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For companies in the U.S. that hold certain personal data and U.S. Government-related data, rules stemming from recent Executive Order (“EO”) 14117 on “Preventing Access to Americans’ Bulk Sensitive Personal Data and United States Government-Related Data by Countries of Concern” may create obstacles and new compliance obligations. Under this EO, the Attorney General is charged with issuing regulations to either outright prohibit or impose restrictions on transactions involving bulk sensitive personal data or U.S. Government-related data when such transactions involve a “country of concern.”

A Department of Justice (“DOJ”) Advanced Notice of Proposed Rulemaking (“ANPRM”) forecasts what some of the contours of the eventual regulations could look like, as discussed below. 

Types of Data Covered

The EO identifies two classes of data that will be covered by the regulation: bulk sensitive personal data and U.S. Government-related data.

The ANPRM outlines six categories of data to be considered bulk U.S. sensitive personal data: (1) covered personal identifiers; (2) geolocation and related sensor data; (3) biometric identifiers; (4) human genomic data; (5) personal health data; (6) personal financial data.

For bulk sensitive personal data, there is a yet-to-be-determined volume threshold that must be involved in the transaction for it to be covered. Each data category will have a different volume threshold depending on its sensitivity, and combined data categories are covered if the volume surpasses the lowest of the thresholds in those data categories. Suggested thresholds in the ANPRM range from data sets on 100 U.S. persons for highly sensitive data to more than 1,000,000 U.S. persons for less sensitive data categories.

The ANPRM considers two categories under U.S. Government-related data:

  1. Precise geolocation data for government related locations, which refers to location data within a yet-to-be-determined level of accuracy within a yet-to-be-enumerated list of geofenced areas associated with military, government, and other sensitive facilities (there will be a “Government-Related Location Data List”).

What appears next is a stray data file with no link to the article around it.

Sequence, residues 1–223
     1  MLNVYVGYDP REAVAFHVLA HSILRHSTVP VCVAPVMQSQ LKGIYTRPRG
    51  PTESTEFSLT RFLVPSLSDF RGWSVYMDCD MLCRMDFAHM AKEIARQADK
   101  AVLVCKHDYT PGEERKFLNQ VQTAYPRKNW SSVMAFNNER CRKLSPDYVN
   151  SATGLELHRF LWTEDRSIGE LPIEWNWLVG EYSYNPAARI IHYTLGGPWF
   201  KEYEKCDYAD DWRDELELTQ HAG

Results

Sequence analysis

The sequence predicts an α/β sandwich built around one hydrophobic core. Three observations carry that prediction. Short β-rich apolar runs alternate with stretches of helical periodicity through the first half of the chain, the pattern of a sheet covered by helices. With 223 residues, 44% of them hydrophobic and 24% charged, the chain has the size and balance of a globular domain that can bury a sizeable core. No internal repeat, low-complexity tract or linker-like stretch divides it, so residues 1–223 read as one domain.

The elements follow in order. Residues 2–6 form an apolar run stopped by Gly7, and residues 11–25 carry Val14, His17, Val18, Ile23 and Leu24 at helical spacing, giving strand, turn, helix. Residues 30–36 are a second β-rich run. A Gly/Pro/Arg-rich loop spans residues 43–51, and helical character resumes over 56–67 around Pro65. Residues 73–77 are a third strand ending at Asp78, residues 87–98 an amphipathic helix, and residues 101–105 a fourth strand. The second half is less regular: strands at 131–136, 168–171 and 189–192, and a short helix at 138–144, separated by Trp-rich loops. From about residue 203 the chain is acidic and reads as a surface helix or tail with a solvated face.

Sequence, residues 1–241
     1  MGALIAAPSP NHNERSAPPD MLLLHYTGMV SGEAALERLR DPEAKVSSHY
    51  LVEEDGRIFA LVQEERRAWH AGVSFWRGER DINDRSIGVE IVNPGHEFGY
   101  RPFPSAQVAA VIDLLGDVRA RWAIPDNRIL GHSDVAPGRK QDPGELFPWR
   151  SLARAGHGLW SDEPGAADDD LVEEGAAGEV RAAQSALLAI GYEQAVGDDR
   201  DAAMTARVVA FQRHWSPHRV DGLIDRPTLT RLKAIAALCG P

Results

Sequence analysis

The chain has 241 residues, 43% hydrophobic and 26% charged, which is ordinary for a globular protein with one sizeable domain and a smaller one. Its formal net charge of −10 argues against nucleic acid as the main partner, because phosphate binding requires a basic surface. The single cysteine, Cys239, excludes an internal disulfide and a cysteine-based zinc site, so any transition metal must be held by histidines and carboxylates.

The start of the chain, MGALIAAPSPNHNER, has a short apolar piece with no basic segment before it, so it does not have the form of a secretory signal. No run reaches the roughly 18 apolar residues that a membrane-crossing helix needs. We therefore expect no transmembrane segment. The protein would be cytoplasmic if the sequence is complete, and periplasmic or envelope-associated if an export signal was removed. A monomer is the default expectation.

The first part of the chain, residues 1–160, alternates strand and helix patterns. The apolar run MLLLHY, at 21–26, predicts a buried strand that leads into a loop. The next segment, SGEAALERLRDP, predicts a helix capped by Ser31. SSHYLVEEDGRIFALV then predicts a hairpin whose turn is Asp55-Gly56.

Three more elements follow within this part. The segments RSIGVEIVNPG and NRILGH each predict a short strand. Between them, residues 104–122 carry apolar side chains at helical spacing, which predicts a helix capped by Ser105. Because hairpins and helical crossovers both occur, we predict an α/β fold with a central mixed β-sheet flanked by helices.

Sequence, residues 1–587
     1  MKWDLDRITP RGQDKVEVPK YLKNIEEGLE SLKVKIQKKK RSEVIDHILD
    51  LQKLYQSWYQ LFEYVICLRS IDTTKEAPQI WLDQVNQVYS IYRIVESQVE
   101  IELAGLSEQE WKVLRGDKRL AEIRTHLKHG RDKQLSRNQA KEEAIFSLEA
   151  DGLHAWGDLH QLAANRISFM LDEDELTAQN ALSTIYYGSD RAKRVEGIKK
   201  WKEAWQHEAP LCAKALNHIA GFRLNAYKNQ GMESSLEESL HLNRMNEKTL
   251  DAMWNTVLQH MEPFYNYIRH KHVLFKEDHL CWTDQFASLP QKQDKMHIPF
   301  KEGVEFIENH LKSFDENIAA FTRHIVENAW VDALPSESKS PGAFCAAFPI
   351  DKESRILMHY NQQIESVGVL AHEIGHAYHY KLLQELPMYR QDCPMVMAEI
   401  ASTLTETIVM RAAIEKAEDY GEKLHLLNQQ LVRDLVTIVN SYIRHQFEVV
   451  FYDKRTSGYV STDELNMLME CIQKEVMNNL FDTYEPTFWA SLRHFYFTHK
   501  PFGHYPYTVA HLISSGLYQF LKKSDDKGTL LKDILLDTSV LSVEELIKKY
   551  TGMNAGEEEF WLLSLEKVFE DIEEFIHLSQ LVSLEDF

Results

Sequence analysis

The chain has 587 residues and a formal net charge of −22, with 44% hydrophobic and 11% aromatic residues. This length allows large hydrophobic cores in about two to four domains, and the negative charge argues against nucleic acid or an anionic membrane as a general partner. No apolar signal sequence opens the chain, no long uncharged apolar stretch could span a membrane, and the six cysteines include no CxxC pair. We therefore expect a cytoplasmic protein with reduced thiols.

2. Sensitive personal data that a party markets as linked or linkable to current or recent former employees or contractors, or former senior officials, of the U.S. Government (e.g., company advertises the sale of personal data of active duty personnel or data set on members of a specific organization limited to military members and their families, such as USAA).

For U.S. Government-related data, there is no threshold requirement and the data categories will be covered regardless of volume.

Prohibitions and Restrictions

The ANPRM identifies certain classes of transactions that will be prohibited and those that will be restricted. Prohibited transactions include selling or licensing access to covered data – “Data Brokerage Transactions” – and transactions for bulk genomic data and human biospecimens from which genomic data can be derived. To be prohibited, the transaction must involve a country of concern. The ANPRM is considering identifying the following countries as countries of concern: China (including Hong Kong and Macau), Russia, Iran, North Korea, Cuba, and Venezuela.[1]